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Five Tips for Effective Employee Recognition

How to Reward, Recognize, Award, and Thank People Successfully

Employee recognition is not just a nice thing to do for people. Employee recognition is a communication tool that reinforces and rewards the most important outcomes people create for your business. When you recognize people effectively, you reinforce, with your chosen means of recognition, the actions and behaviors you most want to see people repeat. An effective employee recognition system is simple, immediate, and powerfully reinforcing.

When you consider employee recognition processes, you need to develop recognition that is equally powerful for both the organization and the employee. You must address five important issues if you want the recognition you offer to be viewed as motivating and rewarding by your employees and important for the success of your organization.

The Five Most Important Tips for Effective Recognition

You need to establish criteria for what performance or contribution constitutes rewardable behavior or actions.

All employees must be eligible for the recognition.

The recognition must supply the employer and employee with specific information about what behaviors or actions are being rewarded and recognized.

Anyone who then performs at the level or standard stated in the criteria receives the reward.

The recognition should occur as close to the performance of the actions as possible, so the recognition reinforces behavior the employer wants to encourage.

You don’t want to design a process in which managers "select" the people to receive recognition.

This type of process will be viewed forever as "favoritism" or talked about as "it’s your turn to get recognized this month." This is why processes that single out an individual, such as "Employee of the Month," are rarely effective.

A Working Example of Successful Recognition

A client company established criteria for rewarding employees. Criteria included such activities as contributing to company success serving a customer without being asked to help by a supervisor. Each employee, who meets the stated criteria, receives a thank you note, hand-written by the supervisor. The note spells out exactly why the employee is receiving the recognition.

The note includes the opportunity for the employee to "draw" a gift from a box. Gifts range from fast food restaurant gift certificates and candy to a gold dollar and substantial cash rewards. The employee draws the reward, so no supervisory interference is perceived. A duplicate of the thank you note goes into a periodic drawing for even more substantial reward and recognition opportunities.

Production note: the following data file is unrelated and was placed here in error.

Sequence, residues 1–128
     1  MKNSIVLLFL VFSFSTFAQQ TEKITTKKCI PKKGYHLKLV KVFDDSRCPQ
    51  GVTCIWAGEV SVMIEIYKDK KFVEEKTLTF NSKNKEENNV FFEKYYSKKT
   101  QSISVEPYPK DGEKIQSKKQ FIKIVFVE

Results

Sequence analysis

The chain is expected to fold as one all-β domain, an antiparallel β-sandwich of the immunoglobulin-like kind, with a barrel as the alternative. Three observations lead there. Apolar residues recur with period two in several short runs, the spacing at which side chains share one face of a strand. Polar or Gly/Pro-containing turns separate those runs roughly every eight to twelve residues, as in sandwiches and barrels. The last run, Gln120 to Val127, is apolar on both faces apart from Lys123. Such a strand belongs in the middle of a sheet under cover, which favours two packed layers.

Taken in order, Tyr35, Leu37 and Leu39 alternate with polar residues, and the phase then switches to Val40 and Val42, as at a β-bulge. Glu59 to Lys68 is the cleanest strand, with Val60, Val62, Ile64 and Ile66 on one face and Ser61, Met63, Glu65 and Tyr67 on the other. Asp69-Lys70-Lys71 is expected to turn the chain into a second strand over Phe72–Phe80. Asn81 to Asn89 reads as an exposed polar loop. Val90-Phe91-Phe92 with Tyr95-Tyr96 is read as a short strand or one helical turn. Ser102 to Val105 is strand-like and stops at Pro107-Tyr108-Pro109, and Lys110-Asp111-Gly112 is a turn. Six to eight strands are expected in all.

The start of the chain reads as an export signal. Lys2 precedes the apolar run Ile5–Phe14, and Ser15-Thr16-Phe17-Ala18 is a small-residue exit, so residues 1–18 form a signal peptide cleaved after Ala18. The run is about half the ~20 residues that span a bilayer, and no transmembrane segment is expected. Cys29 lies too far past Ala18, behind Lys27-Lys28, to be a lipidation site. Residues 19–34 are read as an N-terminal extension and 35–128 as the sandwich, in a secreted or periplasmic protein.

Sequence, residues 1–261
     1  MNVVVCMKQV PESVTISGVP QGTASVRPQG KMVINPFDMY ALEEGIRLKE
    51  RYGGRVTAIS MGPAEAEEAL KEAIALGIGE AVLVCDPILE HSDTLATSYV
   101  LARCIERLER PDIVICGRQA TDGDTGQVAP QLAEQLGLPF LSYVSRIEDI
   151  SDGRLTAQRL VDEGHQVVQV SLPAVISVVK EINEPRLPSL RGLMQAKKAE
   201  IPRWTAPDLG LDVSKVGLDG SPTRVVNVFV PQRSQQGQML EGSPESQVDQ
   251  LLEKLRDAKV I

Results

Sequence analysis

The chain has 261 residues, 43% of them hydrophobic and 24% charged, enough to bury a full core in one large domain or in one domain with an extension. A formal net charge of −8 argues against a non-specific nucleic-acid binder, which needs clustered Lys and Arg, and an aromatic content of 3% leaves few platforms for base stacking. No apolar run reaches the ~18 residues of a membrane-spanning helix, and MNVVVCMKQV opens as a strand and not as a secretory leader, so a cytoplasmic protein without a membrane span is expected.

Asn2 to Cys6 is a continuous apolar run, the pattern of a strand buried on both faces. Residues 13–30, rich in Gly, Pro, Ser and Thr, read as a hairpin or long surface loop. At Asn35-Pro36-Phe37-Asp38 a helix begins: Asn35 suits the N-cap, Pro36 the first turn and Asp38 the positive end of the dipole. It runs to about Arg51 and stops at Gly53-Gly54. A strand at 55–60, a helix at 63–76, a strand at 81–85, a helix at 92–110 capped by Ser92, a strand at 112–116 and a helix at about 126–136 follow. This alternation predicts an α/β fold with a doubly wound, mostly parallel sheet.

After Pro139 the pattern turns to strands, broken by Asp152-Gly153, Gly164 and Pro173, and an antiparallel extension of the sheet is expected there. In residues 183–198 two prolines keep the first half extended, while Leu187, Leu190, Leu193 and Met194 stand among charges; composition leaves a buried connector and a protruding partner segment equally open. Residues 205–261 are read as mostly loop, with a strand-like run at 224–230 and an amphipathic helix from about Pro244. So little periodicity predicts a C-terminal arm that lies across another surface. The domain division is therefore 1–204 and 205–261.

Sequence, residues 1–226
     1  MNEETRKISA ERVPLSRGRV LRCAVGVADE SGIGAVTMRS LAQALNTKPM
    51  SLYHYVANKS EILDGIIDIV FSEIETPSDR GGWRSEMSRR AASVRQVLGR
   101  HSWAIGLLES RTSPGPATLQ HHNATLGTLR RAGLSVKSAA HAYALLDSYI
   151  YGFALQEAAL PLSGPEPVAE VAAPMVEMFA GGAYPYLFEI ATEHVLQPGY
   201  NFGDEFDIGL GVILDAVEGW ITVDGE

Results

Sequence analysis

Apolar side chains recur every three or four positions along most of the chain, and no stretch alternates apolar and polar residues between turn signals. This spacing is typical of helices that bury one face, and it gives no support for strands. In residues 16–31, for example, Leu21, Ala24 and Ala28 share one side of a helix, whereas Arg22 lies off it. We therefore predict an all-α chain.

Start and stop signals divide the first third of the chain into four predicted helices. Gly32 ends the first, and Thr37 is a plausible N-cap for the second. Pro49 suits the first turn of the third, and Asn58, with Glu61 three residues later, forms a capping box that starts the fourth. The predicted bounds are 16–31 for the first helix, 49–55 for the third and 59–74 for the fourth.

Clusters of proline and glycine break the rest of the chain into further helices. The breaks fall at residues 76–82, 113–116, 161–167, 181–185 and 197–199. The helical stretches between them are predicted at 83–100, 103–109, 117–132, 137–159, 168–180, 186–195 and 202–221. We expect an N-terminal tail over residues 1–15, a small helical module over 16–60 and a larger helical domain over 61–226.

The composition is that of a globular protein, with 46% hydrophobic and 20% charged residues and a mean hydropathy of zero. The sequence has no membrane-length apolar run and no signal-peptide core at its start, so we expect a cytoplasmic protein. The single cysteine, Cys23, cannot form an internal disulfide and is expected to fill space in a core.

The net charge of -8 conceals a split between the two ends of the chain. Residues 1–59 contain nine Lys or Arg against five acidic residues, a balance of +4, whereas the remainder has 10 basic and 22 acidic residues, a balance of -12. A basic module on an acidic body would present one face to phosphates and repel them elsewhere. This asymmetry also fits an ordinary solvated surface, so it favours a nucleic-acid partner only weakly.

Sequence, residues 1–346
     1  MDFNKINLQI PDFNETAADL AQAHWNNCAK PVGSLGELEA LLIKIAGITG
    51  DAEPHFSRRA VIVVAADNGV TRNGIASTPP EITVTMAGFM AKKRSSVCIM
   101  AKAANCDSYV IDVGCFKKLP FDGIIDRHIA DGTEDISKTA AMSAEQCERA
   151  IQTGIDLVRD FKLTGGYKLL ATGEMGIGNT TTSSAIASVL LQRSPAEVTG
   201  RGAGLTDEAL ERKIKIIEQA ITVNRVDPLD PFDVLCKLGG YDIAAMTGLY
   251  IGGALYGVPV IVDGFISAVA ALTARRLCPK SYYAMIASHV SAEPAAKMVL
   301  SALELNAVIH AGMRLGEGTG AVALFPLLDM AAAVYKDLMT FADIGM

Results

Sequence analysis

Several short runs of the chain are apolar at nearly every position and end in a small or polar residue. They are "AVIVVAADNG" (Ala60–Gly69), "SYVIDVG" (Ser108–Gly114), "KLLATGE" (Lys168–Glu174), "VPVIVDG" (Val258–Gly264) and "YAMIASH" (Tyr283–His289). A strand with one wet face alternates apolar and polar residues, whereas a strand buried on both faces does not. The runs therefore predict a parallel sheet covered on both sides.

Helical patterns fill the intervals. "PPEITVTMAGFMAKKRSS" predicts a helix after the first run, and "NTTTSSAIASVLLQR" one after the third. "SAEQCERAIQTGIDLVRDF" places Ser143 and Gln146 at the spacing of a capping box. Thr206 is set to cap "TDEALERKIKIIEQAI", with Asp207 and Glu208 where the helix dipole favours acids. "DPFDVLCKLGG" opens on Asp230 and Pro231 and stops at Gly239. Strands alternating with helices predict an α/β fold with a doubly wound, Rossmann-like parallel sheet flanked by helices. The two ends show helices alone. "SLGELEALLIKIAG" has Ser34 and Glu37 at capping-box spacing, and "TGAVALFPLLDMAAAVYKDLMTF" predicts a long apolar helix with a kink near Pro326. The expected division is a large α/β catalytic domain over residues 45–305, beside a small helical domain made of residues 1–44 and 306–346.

More Tips About Recognition and Performance Management

  •         If you attach recognition to "real" accomplishments and goal achievement as negotiated in a performance development planning meeting, you need to make sure the recognition meets the above stated requirements. Supervisors must also apply the criteria consistently, so some organizational oversight may be necessary.
  • The challenge of individually negotiated goals is to make certain their accomplishment is viewed as similarly difficult by the organization for the process to be a success
  •   People also like recognition that is random and that provides an element of surprise. If you thank a manufacturing group every time they make customer deliveries on time with a lunch, gradually the lunch becomes a "given" or an entitlement and is no longer rewarding.

  •  In another organization, the CEO traditionally bought lunch for all employees every Friday. Soon, he had employees coming to him asking to be reimbursed for lunch if they ate lunch outside of the company on a Friday. His goal of team building turned into a "given" or an entitlement and he was disappointed with the results.

  • There is always room for employee reward and recognition activities that generally build positive morale in the work environment. The Pall Corporation, in Ann Arbor, MI, has had a "smile team" that meets to schedule random, fun employee recognition events. They have decorated shop windows, with a prize to the best, for a holiday.
  • They sponsor ice cream socials, picnics, the "boss" cooks day, and so on, to create a rewarding environment at work. Another company holds an annual costume wearing and judging along with a lunch potluck every Halloween.

Rewards and recognition that help both the employer and the employee get what they need from work are a win-win situation. Make this the year you plan a recognition process that will "wow" your staff and "wow" you with its positive outcomes. Avoid the employee recognition traps that:

  • single out a few employees who are mysteriously selected for the recognition,

  • sap the morale of the many who failed to understand the criteria enough to compete and win, and sought votes or other personalized, subjective criteria to determine winners.

Author: Susan M. Heathfield, Your Guide to Human Resources,


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